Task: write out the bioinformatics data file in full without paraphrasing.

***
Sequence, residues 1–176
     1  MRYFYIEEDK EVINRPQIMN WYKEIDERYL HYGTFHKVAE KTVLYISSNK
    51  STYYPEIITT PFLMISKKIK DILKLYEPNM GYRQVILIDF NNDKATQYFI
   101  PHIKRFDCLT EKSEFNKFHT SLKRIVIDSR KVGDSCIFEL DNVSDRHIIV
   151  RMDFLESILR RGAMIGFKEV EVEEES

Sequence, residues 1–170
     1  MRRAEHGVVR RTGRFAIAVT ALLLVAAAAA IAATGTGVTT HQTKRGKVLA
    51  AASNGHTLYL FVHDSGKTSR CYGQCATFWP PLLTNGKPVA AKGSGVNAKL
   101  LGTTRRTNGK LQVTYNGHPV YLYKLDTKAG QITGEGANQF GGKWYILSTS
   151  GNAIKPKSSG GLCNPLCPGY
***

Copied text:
Sequence, residues 1–176
     1  MRYFYIEEDK EVINRPQIMN WYKEIDERYL HYGTFHKVAE KTVLYISSNK
    51  STYYPEIITT PFLMISKKIK DILKLYEPNM GYRQVILIDF NNDKATQYFI
   101  PHIKRFDCLT EKSEFNKFHT SLKRIVIDSR KVGDSCIFEL DNVSDRHIIV
   151  RMDFLESILR RGAMIGFKEV EVEEES

Sequence, residues 1–170
     1  MRRAEHGVVR RTGRFAIAVT ALLLVAAAAA IAATGTGVTT HQTKRGKVLA
    51  AASNGHTLYL FVHDSGKTSR CYGQCATFWP PLLTNGKPVA AKGSGVNAKL
   101  LGTTRRTNGK LQVTYNGHPV YLYKLDTKAG QITGEGANQF GGKWYILSTS
   151  GNAIKPKSSG GLCNPLCPGY